It started with a stunning White Hot Stamper 2-pack that just went up on the site..
I implored the eventual purchaser to note that side two of record one has Joni sounding thin, hard and veiled. If you look at the stampers you can see it’s obviously cut by the same guy (no names please!), and we’re pretty sure both sides were stamped out at the same time of day since it’s impossible to do it any other way. What accounts for the amazing sound of one side and the mediocre sound of its reverse?
If your theory cannot account for these huge differences in sound, your theory is hopelessly, fundamentally flawed, not to mention the rather important, one might even say all-important, fact that it has no practical value in the first place — how is anyone to know at what specific time of day a record was pressed? Or how many copies had come off the stamper ahead of it?
Can anything be more ridiculous than the ad hoc, evidence-free theories of some audiophile record collectors desperately searching for a reason to explain why records — even the sides of the same record — sound so different from one another?
The old adage “the proof of the pudding is in the eating” couldn’t be more apt. If you want to know if a pudding tastes good, a list of its ingredients, the temperature it cooked at, and the name of the person stirring it on the stove is surely of limited utility. To know the taste one need only take a bite.
If you want to know the sound of a record, playing it is the best way to find out, preferably against other pressings, under carefully controlled conditions, on good equipment, while listening critically and taking notes.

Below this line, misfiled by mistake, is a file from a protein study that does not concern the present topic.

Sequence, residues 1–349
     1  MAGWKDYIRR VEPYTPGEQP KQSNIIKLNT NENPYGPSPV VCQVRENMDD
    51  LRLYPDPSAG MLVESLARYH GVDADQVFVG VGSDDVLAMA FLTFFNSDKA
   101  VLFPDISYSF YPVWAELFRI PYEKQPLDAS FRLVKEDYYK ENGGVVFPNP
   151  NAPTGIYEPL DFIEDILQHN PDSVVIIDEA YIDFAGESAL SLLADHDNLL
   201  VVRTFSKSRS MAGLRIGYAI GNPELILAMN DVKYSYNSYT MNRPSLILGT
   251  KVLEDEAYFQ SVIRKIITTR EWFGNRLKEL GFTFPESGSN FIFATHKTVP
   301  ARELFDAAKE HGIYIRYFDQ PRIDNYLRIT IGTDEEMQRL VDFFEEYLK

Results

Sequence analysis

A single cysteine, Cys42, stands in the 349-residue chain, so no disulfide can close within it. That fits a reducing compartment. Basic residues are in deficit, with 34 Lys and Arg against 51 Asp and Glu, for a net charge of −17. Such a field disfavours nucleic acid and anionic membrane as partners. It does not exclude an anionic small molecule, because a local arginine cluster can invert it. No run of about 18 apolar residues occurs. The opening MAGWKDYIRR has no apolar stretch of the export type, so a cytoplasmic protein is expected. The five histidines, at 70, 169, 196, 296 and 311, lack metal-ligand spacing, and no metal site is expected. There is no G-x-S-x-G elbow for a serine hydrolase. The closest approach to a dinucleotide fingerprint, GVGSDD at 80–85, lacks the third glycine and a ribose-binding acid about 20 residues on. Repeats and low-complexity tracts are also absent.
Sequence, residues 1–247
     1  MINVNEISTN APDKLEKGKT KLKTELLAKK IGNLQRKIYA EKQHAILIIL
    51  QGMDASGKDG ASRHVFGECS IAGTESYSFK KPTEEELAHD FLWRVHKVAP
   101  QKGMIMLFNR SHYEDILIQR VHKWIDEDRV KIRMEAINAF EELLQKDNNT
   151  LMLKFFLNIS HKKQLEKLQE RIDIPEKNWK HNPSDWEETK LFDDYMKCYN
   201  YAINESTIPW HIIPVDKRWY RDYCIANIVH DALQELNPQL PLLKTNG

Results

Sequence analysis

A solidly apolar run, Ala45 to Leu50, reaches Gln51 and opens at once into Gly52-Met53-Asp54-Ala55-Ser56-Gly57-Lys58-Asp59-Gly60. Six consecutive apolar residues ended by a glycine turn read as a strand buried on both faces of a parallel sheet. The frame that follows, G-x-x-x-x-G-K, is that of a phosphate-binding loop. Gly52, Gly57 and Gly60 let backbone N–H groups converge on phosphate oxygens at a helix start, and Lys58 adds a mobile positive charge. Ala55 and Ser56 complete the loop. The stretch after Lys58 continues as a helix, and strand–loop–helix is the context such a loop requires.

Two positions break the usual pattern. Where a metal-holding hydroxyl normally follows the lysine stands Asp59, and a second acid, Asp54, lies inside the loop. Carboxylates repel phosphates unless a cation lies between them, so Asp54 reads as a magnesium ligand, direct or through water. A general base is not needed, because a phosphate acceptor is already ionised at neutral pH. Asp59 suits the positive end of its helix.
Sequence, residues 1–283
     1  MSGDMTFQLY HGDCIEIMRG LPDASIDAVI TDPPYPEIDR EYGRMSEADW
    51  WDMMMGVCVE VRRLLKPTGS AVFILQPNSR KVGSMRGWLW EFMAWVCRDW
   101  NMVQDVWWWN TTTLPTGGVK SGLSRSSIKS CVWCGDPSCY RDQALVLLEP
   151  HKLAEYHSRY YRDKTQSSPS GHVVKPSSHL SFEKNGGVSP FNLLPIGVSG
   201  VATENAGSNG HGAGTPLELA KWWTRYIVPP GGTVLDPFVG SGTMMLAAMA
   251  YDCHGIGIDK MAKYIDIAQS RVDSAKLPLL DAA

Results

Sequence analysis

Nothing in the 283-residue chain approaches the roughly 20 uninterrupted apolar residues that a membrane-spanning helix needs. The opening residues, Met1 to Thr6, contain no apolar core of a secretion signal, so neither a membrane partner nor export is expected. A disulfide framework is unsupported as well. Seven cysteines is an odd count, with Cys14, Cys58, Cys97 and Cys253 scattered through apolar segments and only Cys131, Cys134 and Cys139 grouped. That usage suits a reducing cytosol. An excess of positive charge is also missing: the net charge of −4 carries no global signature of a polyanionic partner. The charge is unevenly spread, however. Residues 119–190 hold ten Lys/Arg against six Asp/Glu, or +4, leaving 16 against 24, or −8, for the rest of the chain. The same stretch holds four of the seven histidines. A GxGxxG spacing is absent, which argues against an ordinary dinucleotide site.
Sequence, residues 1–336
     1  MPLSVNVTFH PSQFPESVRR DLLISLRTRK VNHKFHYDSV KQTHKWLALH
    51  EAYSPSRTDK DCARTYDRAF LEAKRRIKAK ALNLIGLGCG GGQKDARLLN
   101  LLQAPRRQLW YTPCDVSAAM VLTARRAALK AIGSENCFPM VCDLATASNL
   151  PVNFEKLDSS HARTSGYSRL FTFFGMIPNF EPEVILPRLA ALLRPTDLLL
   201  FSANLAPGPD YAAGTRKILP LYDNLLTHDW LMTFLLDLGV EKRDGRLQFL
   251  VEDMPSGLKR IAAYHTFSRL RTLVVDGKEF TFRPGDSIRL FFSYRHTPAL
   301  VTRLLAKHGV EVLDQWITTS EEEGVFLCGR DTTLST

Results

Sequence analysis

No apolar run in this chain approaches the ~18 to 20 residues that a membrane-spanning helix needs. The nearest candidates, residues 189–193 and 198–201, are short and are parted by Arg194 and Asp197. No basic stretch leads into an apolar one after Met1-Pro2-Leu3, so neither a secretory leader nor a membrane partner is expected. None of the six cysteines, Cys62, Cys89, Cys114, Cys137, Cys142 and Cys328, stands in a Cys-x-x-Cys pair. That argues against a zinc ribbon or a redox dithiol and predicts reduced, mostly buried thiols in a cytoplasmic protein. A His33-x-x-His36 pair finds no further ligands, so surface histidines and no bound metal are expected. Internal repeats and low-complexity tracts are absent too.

The alternative is to… Scratch that. There is no alternative. Nothing else will ever work. In the world of records there are no explanatory theories of any value, just as there are no record gurus with all the answers. There are only methods that help you find the best pressings and methods that don’t. The good news is that these methods are explained in detail on this very site, free of charge.
We’ve made it clear to anyone who’s interested how to go about finding better sounding LPs. Once you see the positive results our methods produce we suspect you will no longer be wasting time theorizing about records. You will have learned something about them, at least about some of them, and that hard-won knowledge is the only kind with any real value.